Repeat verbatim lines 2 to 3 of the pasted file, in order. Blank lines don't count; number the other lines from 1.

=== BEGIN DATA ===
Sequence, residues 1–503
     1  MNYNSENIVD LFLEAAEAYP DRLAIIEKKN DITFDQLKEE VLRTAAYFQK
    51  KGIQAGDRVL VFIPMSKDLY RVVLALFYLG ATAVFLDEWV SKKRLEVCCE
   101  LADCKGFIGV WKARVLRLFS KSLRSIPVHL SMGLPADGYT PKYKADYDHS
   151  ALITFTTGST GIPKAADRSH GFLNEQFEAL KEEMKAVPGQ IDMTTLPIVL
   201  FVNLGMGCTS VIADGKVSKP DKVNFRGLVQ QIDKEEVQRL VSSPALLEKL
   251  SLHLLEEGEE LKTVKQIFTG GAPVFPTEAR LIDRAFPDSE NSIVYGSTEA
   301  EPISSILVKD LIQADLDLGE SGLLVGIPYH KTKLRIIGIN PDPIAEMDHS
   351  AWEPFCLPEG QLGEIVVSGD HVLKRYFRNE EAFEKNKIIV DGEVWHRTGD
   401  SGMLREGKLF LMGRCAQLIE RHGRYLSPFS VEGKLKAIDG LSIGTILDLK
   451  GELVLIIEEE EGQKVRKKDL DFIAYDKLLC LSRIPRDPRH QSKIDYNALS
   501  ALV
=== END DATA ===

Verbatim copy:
     1  MNYNSENIVD LFLEAAEAYP DRLAIIEKKN DITFDQLKEE VLRTAAYFQK
    51  KGIQAGDRVL VFIPMSKDLY RVVLALFYLG ATAVFLDEWV SKKRLEVCCE